Now called Squibb Cantu, and boosted by foreign signees Tom Boswell and Bruce Flowers, the team would dominate European basketball for three years. Marzorati was now helped by young Antonello Riva, who became Cantu's top gun at age 20. A deadly shooter, Riva would finish his career as the top scorer in Italian League history. At small forward, veteran Renzo Bariviera provided elegance and experience, while Denis Innocentin, Giorgio Cattini and Fausto Bargna came off the bench. Cantu won its fourth Saporta Cup in 1981, 86-81 against FC Barcelona in a great exhibition by Riva and Marzorati, while adding its third and last Italian League title that very same year. The Euroleague door was once again opened for Cantu, and the team lived up to expectations. It was a tough start, indeed, as coach Valerio Bianchini's newborn son died early in the season and he didn't travel with the team, while Marzorati and Bariviera were injured. Moreover, Cantu lost in Tel Aviv 87-85 despite a basket by C.J. Kupec that was even written in the scoresheet, but was later cancelled. Even with that, it came to pass that Cantu needed just to lose by 15 or fewer points in Belgrade against Partizan to reach the Euroleague final. Drazen Dalipagic had 55 points for Partizan, but Cantu lost by 104-89 and reached the final against Maccabi Tel Aviv. Around 1,200 Cantu fans travelled to Cologne for the final on May 25, 1982. Cantu managed to keep a safe lead in the final 10 minutes to win the Euroleague title 86-80. Kupec led the winners with 23 points, Flowers added 21 while Marzorati and Riva each had 18.
Ford Cantu came back to defend its Euroleague title in 1983. Bianchini had been replaced by Giancarlo Primo, while Jim Brewer and Wallace Bryant became the new foreign duo, keeping its Italian core of players intact. The team had to wait until the final home game to reach a second consecutive Euroleague final by beating CSKA 106-73 in a great basketball exhibition. In the finals, Cantu faced archrival Billy Milano. Bryant and Riva had 18 points for Cantu, while Brewer added 14. It all came down to the final play, as Milano rallied within 69-68 score and had the final possession with 13 seconds to go. Franco Boselli missed a jumper, John Gianelli grabbed the rebound and shot around the basket, but Brewer came out of nowhere to block the shot and lead Cantu to a thrilling win. The crowd jumped onto the court in Grenoble, aand the image of Marzorati hugging the cup with thousands of Cantu fans surrounding him is a lasting one of European basketball in the 1980s.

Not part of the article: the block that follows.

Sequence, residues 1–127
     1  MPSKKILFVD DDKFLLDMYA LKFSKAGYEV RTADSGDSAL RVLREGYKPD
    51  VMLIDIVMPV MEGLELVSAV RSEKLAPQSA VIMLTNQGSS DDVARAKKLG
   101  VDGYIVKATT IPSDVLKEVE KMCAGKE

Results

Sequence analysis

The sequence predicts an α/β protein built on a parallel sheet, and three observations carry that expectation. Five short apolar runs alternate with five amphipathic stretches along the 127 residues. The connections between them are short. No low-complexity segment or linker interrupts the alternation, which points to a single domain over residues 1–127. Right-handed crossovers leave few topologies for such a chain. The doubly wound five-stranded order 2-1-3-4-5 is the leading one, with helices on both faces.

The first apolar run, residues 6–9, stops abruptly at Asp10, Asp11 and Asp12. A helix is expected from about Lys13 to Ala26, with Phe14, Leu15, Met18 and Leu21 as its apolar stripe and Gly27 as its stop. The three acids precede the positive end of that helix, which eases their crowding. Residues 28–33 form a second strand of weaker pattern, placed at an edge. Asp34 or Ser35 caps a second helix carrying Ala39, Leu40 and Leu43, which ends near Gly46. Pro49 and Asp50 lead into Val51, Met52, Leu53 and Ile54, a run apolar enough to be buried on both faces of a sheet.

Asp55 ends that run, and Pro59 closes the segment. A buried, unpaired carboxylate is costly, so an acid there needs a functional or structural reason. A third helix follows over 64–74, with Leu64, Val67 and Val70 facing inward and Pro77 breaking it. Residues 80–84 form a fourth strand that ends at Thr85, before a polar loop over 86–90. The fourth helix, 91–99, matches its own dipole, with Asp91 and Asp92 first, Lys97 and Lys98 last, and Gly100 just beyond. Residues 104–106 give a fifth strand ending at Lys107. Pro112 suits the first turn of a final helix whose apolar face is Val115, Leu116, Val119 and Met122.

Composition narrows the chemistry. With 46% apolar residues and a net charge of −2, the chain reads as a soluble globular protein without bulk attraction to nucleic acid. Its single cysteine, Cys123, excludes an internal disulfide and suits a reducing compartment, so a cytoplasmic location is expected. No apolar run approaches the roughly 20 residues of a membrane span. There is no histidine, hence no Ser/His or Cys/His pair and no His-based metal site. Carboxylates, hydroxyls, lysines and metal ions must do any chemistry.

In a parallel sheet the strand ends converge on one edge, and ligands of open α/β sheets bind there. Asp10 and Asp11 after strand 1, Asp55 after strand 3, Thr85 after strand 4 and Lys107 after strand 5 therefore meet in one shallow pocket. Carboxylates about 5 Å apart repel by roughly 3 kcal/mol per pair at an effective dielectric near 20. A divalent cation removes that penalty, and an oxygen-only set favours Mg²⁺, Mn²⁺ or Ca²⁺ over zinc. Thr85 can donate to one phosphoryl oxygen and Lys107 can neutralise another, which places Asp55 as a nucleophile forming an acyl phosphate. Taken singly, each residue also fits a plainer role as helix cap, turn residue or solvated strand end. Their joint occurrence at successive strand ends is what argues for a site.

The team would add a Korac Cup title in 1991 against Real Madrid as Pace Mannion drilled eight consecutive three-pointers in the last game, won in overtime. It was Marzorati's final European game. He had helped Cantu win 10 European trophies in his 22-year career. Cantu was his life, as he even married the president's daughter. The team fell into obscurity without him and Riva, who had left the team in 1988, even falling to the Italian second division in 1994. When Francesco Corrado bought the team in 1999, Cantu started to get back to its usual standards. The team struggled to stay in the Italian first division in 2000 and 2001, with Riva back on the team, but bounced back in the 2001-02 season by finishing fourth in the Italian League, powered by Jerry McCullough and Bootsy Thornton. The team has been competitive ever since. Now, Cantu has returned to European competition, a newcomer to the ULEB Cup, but is backed by a whole city and one of the biggest traditions on the continent.